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From Wikipedia, the free encyclopedia

Bioherbicides are herbicides consisting of phytotoxins, pathogens, and other microbes used as biological weed control.[1] Bioherbicides may be compounds and secondary metabolites derived from microbes such as fungi, bacteria or protozoa; or phytotoxic plant residues, extracts or single compounds derived from other plant species.[2]


The production of bioherbicides is a process of biosynthesis where different mediums ranging from soybean bran to corn steep liquor are fermented to obtain desirable results.[3] In addition to solid-state fermentation, bioherbicides can also be produced by submerged fermentation in stirred tanks or in other environments.[4] Despite the ‘eco-friendliness’, there are several obstructions that make it less practical to use bioherbicides in fields because the lab results may not be the same as the real results.[5]

Current status[edit]

With increasing awareness of the effects of the chemical herbicides and pesticides, bioherbicides can be adopted as an alternative especially for integrated weed management. The market share of bioherbicides is merely 10% of all biopesticides.[6] On the other hand, the research spanning over two decades since 1980s has also falsified the principle that there is a coevolved natural enemy of a host weed which can manage weed through varied formulation and thus advocated for more research to culturally and genetically intensify the bioherbicidal organisms.[7] Efficiency and efficacy of bioherbicides is impeded by changing weather and temperature and this can further obstruct the application and integration of bioherbicides. A study shows that covering with jute turf, which retains moistures and allows one third of the sunlight to pass through, can increase the efficiency of bioherbicides and also remove some of the hindrances from the commercialization and marketing of bioherbicides.[8]

While it is true that after their 'discovery' the bioherbicides are not readily available on the market for various reasons, advocates of bioherbicides argue that bioherbicide researchers should collaborate with other researchers and seek more public sector funding so that bioherbicides can become more marketable and attain more market share.[9] Simultaneously, research from Canada indicates that legislative and policy dynamics have great power to accelerate the innovation and integration of bioherbicides other microbial pest-control products.[10]

Available bioherbicides[edit]

While 13 different products have been launched, as of 2016, only nine bioherbicides were being marketed:[6]

  1. Devine (1981)
  2. Collego (1982)
  3. BioMal (1992)
  4. Woad Warrior (2002)
  5. Chontrol (2005)
  6. Smoulder (2005)
  7. Sarritor (2007)
  8. Organo-Sol (2010)
  9. Beloukha (2015)


  1. ^ Hoagland, Robert E.; Boyette, C. Douglas; Weaver, Mark A.; Abbas, Hamed K. (January 2007). "Bioherbicides: Research and risks". Toxin Reviews. 26 (4): 313–342. doi:10.1080/15569540701603991. S2CID 55305938.
  2. ^ Souza, Angélica Rossana Castro de; Baldoni, Daiana Bortoluzzi; Lima, Jessica; Porto, Vitória; Marcuz, Camila; Machado, Carolina; Ferraz, Rafael Camargo; Kuhn, Raquel C.; Jacques, Rodrigo J.S.; Guedes, Jerson V.C.; Mazutti, Marcio A. (January 2017). "Selection, isolation, and identification of fungi for bioherbicide production". Brazilian Journal of Microbiology. 48 (1): 101–108. doi:10.1016/j.bjm.2016.09.004. PMC 5220639. PMID 27769882.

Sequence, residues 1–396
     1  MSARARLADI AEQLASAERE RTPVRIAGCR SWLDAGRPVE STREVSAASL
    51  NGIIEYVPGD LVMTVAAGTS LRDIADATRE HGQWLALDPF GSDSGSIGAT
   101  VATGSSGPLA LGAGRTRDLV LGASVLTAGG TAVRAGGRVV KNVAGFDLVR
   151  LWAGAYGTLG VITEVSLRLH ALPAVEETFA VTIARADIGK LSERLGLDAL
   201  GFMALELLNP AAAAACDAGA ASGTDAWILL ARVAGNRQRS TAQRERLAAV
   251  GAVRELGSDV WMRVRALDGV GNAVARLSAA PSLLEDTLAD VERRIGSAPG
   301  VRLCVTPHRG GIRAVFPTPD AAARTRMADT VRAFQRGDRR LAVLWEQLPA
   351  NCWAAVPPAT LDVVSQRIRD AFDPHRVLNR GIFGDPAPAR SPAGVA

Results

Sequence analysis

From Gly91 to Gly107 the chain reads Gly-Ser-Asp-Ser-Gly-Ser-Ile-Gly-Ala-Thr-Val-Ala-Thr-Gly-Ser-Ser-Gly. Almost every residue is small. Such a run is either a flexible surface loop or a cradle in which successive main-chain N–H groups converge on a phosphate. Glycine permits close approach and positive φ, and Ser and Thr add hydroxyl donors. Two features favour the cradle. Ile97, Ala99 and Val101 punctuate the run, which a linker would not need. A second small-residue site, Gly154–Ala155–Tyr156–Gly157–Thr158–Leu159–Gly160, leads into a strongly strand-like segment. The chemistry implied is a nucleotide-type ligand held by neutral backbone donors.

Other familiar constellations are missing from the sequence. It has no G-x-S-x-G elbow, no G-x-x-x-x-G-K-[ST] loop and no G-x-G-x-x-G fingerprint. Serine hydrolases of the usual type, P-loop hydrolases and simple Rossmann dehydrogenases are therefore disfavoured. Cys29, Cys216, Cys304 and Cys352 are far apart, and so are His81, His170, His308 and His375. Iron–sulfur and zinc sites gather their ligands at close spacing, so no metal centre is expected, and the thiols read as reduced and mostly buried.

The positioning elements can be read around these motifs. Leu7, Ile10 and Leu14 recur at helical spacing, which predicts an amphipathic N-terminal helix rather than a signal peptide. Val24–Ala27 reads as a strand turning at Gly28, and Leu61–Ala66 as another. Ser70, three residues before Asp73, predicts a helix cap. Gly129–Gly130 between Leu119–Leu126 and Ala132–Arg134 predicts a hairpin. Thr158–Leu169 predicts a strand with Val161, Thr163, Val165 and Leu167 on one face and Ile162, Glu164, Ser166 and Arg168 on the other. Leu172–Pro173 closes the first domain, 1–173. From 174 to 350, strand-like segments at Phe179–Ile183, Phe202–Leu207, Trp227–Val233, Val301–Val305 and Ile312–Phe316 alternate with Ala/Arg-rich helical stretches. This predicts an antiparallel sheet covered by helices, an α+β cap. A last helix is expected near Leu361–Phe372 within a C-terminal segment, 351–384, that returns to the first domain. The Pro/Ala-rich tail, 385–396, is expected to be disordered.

3. ^ Klaic, Rodrigo; Sallet, Daniela; Foletto, Edson L.; Jacques, Rodrigo J. S.; Guedes, Jerson V. C.; Kuhn, Raquel C.; Mazutti, Marcio A. (April 2017). "Optimization of solid-state fermentation for bioherbicide production by Phoma sp " (PDF). Brazilian Journal of Chemical Engineering. 34 (2): 377–384. doi:10.1590/0104-6632.20170342s20150613.
  4. ^ Brun, Thiarles; Rabuske, Jéssica E.; Todero, Izelmar; Almeida, Thiago C.; Junior, Jair J. D.; Ariotti, Gustavo; Confortin, Tássia; Arnemann, Jonas A.; Kuhn, Raquel C.; Guedes, Jerson V. C.; Mazutti, Marcio A. (December 2016). "Production of bioherbicide by Phoma sp. in a stirred-tank bioreactor". 3 Biotech. 6 (2): 230. doi:10.1007/s13205-016-0557-9. PMC 5083679. PMID 28330302.
  5. ^ Smith, David A.; Hallett, Steven G. (May 2006). "Interactions between chemical herbicides and the candidate bioherbicide Microsphaeropsis amaranthi". Weed Science. 54 (3): 532–537. doi:10.1614/WS-05-102R1.1. S2CID 86802917.
  6. ^ a b Cordeau, Stéphane; Triolet, Marion; Wayman, Sandra; Steinberg, Christian; Guillemin, Jean-Philippe (September 2016). "Bioherbicides: Dead in the water? A review of the existing products for integrated weed management". Crop Protection. 87: 44–49. doi:10.1016/j.cropro.2016.04.016.
  7. ^ Hallett, Steven G. (May 2005). "Where are the bioherbicides?". Weed Science. 53 (3): 404–415. doi:10.1614/WS-04-157R2. JSTOR 4047018. S2CID 86180402.
  8. ^ Abu-Dieyeh, Mohammed H.; Watson, Alan K. (December 2009). "Increasing the Efficacy and Extending the Effective Application Period of a Granular Turf Bioherbicide by Covering with Jute Fabric". Weed Technology. 23 (4): 524–530. doi:10.1614/WT-09-001.1. S2CID 86542730.
  9. ^ Ash, G.J. (March 2010). "The science, art and business of successful bioherbicides". Biological Control. 52 (3): 230–240. doi:10.1016/j.biocontrol.2009.08.007.
  10. ^ Bailey, K.L.; Boyetchko, S.M.; Längle, T. (March 2010). "Social and economic drivers shaping the future of biological control: A Canadian perspective on the factors affecting the development and use of microbial biopesticides". Biological Control. 52 (3): 221–229. doi:10.1016/j.biocontrol.2009.05.003.